by Tekla S. Perry, IEEE Spectrum
San Diego, CA, has set up about 2,000 sensor-laden smart streetlights that can gather pictures, sounds, and other data. So far, the city has focused on the image data, using it to count pedestrians and cars as they move around the city.
Officials are still considering other possibilities, such as using the streetlights to locate gunshots, track airport noise, or monitor air quality. In addition, the city has ordered 1,000 more smart streetlights to supplement its initial order of 3,200, the remainder of which will be installed in the next month or two.
Said the city’s Eric Caldwell, “We want to see if we can build a tool, based on a more accurate model of how traffic and pedestrians behave, to optimize traffic for law enforcement.”
Says Caldwell of a recent test examining whether the streetlights could identify open parking spaces, “We just completed a pilot demonstration project benchmarking the system against parking meters with built-in sensors, against parking transaction data, and against an intern with a clipboard. We found that the streetlights provide the best information.”
With the accuracy of parking data verified, Caldwell says, the city is now preparing to take action on that information. “We thought we were using spaces 60 percent of the time,” he said, “but data we from the streetlights says we are using them 90 percent, which is overutilized. So we are thinking about pricing, whether we should have more parking in certain areas, whether we should expand the metered network.”
Seeing all this information, he says, city managers have been inspired to try to help police and fire vehicles get to emergencies faster:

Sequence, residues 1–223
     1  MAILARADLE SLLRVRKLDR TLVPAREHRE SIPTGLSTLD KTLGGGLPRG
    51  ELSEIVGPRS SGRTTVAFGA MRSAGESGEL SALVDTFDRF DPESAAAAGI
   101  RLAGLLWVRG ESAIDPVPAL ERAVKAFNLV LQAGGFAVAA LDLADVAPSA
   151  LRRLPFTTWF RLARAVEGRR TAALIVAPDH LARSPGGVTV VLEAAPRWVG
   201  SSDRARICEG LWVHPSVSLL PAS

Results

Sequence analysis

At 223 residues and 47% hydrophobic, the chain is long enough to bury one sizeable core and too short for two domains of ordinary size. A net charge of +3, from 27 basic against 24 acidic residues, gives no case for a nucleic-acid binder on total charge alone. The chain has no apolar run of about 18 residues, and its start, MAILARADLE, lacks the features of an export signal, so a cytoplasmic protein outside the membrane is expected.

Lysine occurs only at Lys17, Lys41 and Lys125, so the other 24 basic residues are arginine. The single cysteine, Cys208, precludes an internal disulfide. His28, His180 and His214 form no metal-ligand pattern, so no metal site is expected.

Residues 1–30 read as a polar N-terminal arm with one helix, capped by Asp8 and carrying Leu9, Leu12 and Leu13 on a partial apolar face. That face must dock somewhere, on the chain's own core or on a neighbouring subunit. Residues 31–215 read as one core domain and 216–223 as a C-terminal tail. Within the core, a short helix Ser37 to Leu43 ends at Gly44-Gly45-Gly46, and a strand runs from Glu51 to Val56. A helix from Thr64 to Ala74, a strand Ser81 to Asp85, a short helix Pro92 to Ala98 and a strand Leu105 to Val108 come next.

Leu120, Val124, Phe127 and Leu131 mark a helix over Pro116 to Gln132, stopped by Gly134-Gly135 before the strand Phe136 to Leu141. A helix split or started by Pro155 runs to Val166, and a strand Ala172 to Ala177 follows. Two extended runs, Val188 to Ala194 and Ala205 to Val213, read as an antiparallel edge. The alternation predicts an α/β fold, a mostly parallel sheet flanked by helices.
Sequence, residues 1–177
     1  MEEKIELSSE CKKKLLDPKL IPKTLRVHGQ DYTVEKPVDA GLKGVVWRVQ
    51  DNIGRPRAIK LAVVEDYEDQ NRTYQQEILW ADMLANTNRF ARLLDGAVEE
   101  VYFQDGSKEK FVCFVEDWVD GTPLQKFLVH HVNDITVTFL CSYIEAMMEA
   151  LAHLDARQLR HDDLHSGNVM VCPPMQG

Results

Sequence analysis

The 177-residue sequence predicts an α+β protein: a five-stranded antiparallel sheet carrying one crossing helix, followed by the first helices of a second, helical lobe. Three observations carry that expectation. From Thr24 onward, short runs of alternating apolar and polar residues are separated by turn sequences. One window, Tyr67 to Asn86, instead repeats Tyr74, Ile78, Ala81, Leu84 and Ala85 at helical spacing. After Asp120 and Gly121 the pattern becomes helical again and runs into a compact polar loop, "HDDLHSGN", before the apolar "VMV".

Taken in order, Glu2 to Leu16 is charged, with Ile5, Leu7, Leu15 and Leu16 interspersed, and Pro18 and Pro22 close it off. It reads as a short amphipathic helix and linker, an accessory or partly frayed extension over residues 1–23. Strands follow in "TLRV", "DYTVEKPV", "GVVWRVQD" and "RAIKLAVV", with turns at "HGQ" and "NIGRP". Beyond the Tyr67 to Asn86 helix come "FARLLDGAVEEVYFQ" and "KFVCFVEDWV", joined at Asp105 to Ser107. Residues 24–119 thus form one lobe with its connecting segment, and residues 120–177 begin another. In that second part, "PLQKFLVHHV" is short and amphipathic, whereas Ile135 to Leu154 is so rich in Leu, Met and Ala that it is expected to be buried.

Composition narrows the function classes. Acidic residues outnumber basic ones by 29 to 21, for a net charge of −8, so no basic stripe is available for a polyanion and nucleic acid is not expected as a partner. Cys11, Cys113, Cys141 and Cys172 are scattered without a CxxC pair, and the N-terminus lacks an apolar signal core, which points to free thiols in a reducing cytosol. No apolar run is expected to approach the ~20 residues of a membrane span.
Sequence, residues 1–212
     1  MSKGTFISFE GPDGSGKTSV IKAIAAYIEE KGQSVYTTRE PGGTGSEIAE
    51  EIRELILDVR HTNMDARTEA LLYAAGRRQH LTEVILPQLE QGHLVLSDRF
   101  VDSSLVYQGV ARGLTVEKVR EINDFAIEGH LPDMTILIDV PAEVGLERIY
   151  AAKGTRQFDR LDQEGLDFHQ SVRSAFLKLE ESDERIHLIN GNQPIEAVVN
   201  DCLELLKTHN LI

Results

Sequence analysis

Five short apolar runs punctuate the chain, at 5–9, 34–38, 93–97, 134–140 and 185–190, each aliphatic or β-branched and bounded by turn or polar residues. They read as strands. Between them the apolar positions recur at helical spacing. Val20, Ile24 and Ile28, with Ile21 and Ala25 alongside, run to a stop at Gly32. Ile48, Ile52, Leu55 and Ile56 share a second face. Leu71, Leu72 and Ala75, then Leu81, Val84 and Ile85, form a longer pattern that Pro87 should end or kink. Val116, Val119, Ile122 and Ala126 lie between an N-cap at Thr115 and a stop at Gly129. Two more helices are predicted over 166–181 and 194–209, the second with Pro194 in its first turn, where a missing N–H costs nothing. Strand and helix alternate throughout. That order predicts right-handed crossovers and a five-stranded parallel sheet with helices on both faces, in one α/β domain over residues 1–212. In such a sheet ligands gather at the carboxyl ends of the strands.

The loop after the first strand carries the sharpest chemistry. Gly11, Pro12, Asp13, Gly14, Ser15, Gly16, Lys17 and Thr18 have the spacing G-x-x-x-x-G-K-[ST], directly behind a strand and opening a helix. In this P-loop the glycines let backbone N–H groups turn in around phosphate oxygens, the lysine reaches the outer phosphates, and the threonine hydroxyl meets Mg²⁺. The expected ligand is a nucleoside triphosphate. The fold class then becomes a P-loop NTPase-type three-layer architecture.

We want to see if we can build a tool, based on a more accurate model of how traffic and pedestrians behave, to optimize traffic for law enforcement. Say, when a fire call comes into a fire station, right now, the doors of the fire station go up, and the location information goes into a GPS system. But today, when the firefighters pop onto the road, they are back in the ‘80s, strobing the light and hoping cars will get out of the way. It would be easier if we could use the traffic signals and street lights to clear the road from Point A to Point B, and then have the [streetlight] system detect how the fire truck is moving through the street, restoring traffic flow behind it. That would save us money on fire stations, because we build them based on response times. Improving response times means we might not need as many stations.” Read the article.
DCL: These kinds of systems depend upon a lot of real-time event processing, and are essentially CEP applications.